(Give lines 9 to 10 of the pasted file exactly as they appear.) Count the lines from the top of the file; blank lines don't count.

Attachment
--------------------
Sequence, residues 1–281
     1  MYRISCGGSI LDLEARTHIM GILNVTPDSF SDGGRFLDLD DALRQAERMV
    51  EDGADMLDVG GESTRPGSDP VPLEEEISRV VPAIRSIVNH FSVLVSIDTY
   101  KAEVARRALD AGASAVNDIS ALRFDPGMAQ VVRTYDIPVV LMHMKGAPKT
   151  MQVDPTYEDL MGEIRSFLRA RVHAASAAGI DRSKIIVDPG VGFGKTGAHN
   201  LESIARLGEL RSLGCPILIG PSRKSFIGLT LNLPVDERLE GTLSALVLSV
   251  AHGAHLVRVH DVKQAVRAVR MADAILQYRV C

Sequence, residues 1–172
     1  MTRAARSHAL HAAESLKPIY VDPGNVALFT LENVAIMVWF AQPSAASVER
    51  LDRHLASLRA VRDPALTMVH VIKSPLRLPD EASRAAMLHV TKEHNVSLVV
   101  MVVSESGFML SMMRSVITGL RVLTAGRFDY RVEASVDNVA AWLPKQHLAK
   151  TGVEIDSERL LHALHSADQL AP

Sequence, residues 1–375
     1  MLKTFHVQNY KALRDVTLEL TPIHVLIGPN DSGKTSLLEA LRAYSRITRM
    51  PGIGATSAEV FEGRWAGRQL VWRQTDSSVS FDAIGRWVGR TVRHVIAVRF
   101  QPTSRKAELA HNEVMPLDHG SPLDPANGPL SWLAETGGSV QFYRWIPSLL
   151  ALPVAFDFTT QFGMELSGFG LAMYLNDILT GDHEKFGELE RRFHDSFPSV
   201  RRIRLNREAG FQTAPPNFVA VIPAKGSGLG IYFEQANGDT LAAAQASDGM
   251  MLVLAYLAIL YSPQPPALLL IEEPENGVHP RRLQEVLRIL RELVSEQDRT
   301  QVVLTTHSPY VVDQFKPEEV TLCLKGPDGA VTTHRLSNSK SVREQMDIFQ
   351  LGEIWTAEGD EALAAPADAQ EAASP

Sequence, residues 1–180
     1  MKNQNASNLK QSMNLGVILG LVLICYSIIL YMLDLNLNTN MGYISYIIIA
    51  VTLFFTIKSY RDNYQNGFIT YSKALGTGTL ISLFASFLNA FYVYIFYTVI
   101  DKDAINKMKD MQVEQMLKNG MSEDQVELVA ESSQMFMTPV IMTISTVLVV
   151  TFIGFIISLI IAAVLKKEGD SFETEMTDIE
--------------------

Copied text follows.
     1  MTRAARSHAL HAAESLKPIY VDPGNVALFT LENVAIMVWF AQPSAASVER
    51  LDRHLASLRA VRDPALTMVH VIKSPLRLPD EASRAAMLHV TKEHNVSLVV